On March 25th Aberdeen Climate Action and Aberdeen and District Campaign for Nuclear Disarmament jointly sponsored a meeting on the above.

The idea of the meeting was to share ideas of the challenges faced by diversification and to kick-start change.

This is the fourth of five articles being produced for Aberdeen Voice and concerns a talk on Diversification from Nuclear Weapons by Veronica Tudhope Organiser with Scottish Campaign for Nuclear Disarmament who has written the below as an introduction to her talk:

“Everybody was covered with blood and burned and blackened and swollen, and skin and flesh were hanging from their bones. Parts of their bodies were missing. Some were carrying their own eyeballs.”

The words of Satsuko Thurlow, a Japanese Hibakusha (A-bomb survivor) provide the context for the argument that we need Trident for jobs. We cannot set aside the moral issue to just talk about jobs.

Jackie Baillie’s famous claim that,’’1,000 jobs could be at risk’ without Trident is both morally bankrupt and wrong. In fact, 520 civilian jobs would be lost. The correct context for this is the regular loss of jobs in longstanding Scottish industries such as 7-900 jobs lost when Johnny Walker closed in Kilmarnock, repeated all over the country and widely disregarded. In fact Trident replacement is known to suck jobs away from other parts of the defence sector.

In a spirit of internationalism trade unions, can be expected to be against preparing to bomb workers in other countries but that’s clearly easier for unions without members in the defence sector. In fact, most, apart from the GMB have a clear anti-nuclear stance. The STUC and SCND have called for a Scottish Defence Diversification Agency, “whose main focus will be planning and resourcing the diversification of jobs away from defence projects such as Trident, and promoting the greening or the Scottish economy”

Imminent negotiations at the UN in New York which are expected to result in a new treaty prohibiting nuclear weapons on the 7th July 2017. It will prohibit nuclear weapons, and make using, possessing and developing nuclear weapons illegal under international law.

This can be expected to lead, eventually to Trident renewal cancellation, and an end to the erroneous justification of this deadly, inefficient job creation scheme.

The you tube clip below is Veronica Tudhope’s talk at the public meeting.

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May 252017
 

With thanks to Jonathan Russell, Chair of Aberdeen and District Campaign for Nuclear Disarmament and member of Aberdeen Climate Action and Duncan Hart  who produced the youtube videos.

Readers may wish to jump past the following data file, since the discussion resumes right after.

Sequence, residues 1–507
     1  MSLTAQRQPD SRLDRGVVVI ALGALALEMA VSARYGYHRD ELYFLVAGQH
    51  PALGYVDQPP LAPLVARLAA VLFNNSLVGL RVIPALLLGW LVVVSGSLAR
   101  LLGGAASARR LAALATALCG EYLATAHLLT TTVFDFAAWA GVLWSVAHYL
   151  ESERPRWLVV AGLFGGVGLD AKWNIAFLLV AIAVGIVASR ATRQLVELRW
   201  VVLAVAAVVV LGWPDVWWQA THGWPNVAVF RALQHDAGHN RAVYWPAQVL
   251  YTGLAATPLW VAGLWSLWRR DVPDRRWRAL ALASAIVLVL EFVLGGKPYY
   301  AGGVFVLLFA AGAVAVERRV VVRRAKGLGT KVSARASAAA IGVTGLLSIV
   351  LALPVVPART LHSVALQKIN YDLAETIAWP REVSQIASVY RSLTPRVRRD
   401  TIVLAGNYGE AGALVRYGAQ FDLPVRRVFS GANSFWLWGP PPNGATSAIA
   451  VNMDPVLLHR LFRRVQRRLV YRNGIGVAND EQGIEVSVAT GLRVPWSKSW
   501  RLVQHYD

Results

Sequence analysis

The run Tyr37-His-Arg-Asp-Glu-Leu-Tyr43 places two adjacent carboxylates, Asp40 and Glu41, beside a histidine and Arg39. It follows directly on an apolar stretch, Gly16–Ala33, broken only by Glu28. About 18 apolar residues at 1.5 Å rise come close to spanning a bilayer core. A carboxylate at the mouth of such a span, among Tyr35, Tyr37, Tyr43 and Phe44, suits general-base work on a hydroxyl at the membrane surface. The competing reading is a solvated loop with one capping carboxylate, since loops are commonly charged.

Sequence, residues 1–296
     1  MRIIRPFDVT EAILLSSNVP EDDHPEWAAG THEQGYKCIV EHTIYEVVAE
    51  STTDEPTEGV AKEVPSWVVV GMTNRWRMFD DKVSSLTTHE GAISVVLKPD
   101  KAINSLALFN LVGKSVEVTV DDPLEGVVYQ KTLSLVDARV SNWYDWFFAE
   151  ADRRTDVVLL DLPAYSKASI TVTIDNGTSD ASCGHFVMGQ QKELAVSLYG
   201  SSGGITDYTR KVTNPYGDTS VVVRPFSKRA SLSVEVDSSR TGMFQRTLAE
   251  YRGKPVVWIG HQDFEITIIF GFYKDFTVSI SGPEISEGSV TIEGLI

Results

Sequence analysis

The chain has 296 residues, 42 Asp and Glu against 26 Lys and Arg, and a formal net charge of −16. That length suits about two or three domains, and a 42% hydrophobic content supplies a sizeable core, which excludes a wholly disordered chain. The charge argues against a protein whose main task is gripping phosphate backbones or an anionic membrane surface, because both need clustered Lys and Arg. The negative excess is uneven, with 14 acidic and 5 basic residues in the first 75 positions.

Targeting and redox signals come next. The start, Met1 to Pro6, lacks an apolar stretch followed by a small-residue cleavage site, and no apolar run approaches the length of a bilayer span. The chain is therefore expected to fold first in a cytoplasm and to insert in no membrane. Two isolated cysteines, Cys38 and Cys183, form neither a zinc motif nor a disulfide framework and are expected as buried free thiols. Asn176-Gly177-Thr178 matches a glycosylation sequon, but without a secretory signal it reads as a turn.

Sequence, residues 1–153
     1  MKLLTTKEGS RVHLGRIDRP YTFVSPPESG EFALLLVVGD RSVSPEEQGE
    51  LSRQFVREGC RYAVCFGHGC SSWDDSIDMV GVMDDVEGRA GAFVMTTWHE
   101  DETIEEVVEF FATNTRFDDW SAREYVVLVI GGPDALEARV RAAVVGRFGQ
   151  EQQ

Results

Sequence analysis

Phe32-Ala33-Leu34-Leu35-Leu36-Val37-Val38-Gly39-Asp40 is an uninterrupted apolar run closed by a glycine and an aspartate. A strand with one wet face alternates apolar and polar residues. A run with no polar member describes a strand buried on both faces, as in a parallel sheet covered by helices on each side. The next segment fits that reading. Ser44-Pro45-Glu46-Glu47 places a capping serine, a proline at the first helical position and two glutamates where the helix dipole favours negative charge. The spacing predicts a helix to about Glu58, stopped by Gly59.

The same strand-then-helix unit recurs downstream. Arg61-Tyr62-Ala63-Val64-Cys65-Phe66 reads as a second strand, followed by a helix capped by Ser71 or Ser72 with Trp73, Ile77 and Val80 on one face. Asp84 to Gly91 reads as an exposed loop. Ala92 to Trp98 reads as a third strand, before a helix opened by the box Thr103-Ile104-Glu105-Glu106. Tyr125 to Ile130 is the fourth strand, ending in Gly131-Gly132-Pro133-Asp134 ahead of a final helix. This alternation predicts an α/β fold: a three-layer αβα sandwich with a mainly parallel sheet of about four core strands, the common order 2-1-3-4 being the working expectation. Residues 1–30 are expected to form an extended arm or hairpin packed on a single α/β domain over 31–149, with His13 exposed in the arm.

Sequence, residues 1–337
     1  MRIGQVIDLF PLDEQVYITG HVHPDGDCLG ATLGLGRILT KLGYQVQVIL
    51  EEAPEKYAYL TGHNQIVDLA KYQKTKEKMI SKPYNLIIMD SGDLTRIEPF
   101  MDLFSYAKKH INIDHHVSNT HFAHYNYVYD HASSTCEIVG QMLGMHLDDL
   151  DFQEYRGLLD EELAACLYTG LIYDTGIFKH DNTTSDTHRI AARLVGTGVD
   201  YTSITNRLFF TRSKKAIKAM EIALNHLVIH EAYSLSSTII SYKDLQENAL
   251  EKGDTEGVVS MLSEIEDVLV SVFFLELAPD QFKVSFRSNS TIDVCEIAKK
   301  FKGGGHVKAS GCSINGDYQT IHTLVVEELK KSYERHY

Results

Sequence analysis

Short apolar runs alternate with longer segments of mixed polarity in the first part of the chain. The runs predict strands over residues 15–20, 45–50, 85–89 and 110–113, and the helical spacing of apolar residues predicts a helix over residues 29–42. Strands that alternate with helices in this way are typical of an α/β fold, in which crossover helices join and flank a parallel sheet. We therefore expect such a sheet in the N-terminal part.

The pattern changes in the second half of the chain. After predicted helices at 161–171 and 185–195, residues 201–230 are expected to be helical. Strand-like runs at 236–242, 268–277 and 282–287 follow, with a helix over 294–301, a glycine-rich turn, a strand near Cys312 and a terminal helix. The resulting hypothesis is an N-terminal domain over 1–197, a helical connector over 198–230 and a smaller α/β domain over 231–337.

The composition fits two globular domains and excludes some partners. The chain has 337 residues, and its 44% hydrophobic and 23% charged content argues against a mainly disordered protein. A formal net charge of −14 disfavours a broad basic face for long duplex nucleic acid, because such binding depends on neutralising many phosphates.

On March 25th Aberdeen Climate Action and Aberdeen And District CND jointly sponsored a meeting on the above.

The idea of the meeting was to share ideas of the challenges faced by diversification and to kick-start change. 

This is the third of five articles being produced for Aberdeen Voice and concerns a talk on Community Renewables by Jelte Harnmeajer who works for the Hutton Institute and also runs his own consultancy in Community Renewables.

Jelte’s talk was entitled ‘Resilience through renewables’ and he gives examples of where local communities by running their own energy concerns can greatly benefit their local communities. In Denmark 86% of renewable projects are owned by local communities yet in the UK it is only 4%.

However, it is now the fastest growing means of developing renewables and has huge potential in the Aberdeen and surrounding areas if we start getting our act together.

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May 192017
 

With thanks to Jonathan Russell, Chair of Aberdeen and District Campaign for Nuclear Disarmament and member of Aberdeen Climate Action and Duncan Hart  who produced the youtube videos.

On March 25th Aberdeen Climate Action and Aberdeen And District CND jointly sponsored a meeting on the above.

The idea of the meeting was to share ideas of the challenges faced by diversification and to kick-start change. 

This is the second of five articles being produced for Aberdeen Voice. It is a talk by Erik Dalhuijsen who is co-chair of Aberdeen Climate Action a physicist by training who runs his own consultancy.

Erik’s talk is particularly pertinent to Aberdeen’s future given the decline in work in the oil industry. Erik outlines how the huge costs of decommissioning will increase over time and that there is a mismatch between the needs of Aberdeen for its future and Government policy. To reduce costs and save jobs de-commissioning should be the Aberdeen Economy’s number one priority.

Erik explains how the experts who are guiding Government policy are from the carbon past and have their own financial interests at heart in delaying de-commissioning and a noncarbon future.

The oil industry is projecting the need for more oil production at a time when Governments have signed up to reduce Carbon emissions to reduce Climate change. At the same time the costs of producing alternative energy are falling and at a time when other countries are moving rapidly to embrace alternative energy we here in Aberdeen are holding onto